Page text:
I gave two shirts to the cleaners. After a few days I received my cleaned shirts back from the cleaners. After paying the delivery boy I opened the plastic and saw that I had received three shirts from the cleaners. I scrutinized them very carefully trying to determine which shirt was not mine, but I was unsuccessful. What do I do now? May I wear any of the shirts because I did give two shirts to be cleaned, or maybe I may not wear any of the shirts since perhaps the one I want to wear is not mine and I don’t have the owner’s permission to wear it?
A similar but halachically different case is discussed in the Shulchan Aruch. Since the case which is discussed in Shulchan Aruch and its derivatives occur quite frequently it is worthwhile discussing them briefly.
The case discussed is when someone gave one article into the cleaners and received one article in return but it is obvious that the object which was returned is not the one which he gave in. The Rama (136, 2), basing himself on the Terumas Hadeshen (319), rules that the recipient is not allowed to use what was returned to him since he knows that the object is certainly not his. The Ketsos Hachoshen (136, 2) adds that even if the customer waits a long time he still cannot use what he received. Even if the true owner gave up hope in the interim of ever receiving his lost item, nevertheless, the recipient may not use the object. The reason is that yi’ush (abandoning hope) must precede the article’s entry into the recipient’s possession. Since it did not, the recipient may not use what he received even after many years.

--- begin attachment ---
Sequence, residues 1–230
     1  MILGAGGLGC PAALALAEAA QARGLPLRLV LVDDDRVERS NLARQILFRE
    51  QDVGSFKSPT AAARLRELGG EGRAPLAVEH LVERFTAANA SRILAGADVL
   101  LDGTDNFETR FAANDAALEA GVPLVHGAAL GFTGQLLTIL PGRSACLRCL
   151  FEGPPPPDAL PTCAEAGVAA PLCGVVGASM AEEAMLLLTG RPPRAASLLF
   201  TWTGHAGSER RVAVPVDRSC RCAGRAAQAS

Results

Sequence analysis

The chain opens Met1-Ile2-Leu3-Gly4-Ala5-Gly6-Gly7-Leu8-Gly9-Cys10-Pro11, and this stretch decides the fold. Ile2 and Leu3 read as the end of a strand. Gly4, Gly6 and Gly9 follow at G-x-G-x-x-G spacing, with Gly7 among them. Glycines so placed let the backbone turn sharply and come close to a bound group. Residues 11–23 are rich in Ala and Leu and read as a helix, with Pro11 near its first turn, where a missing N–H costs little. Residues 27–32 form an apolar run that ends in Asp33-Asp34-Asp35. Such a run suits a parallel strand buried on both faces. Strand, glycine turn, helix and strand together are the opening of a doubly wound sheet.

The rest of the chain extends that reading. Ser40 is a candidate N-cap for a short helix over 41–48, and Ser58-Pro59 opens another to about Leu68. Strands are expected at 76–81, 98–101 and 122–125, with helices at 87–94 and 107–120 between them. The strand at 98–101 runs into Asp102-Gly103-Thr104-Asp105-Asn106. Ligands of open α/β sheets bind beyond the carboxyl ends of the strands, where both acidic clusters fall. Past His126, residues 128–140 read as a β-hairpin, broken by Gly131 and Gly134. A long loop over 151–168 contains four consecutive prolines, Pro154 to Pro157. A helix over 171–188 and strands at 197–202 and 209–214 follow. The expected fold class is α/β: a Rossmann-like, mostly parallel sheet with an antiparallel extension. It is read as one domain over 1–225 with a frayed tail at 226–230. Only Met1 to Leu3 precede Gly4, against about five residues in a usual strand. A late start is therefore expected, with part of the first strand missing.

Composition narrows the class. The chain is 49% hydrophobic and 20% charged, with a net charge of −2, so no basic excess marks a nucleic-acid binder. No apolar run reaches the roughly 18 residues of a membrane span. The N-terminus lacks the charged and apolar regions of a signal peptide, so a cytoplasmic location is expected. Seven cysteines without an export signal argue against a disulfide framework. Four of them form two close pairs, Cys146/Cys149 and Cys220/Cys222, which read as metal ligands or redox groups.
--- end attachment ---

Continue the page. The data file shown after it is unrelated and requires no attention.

Based on the above, the Pischei Choshen (Aveido 4, 19 and the footnotes thereon) rules that if, for example, a person left his tallis in shul and when he returned he found a similar but different one in its place, he may take the one which is hanging in its place only if enough time elapsed so that most probably the owner of the article remaining gave up hope of getting back his tallis. The reason why the one who lost his tallis can then take the remaining tallis is because in this case yi’ush precedes the entry of the remaining object into the finder’s possession.
He adds further that even in the case of the Ketsos where the wrong object entered the loser’s possession before the owner was aware of his loss, if enough time elapsed that it is reasonable that the one who exchanged objects made up his mind that he agrees to the exchange, then the finder may use the object he found instead of the one he lost. The rationale is that we assume then that the one who exchanged objects actually means to give the finder his object in return for the one he took. When one wants to give away his object, there is no problem of the object having entered his possession before the owner gave it to him.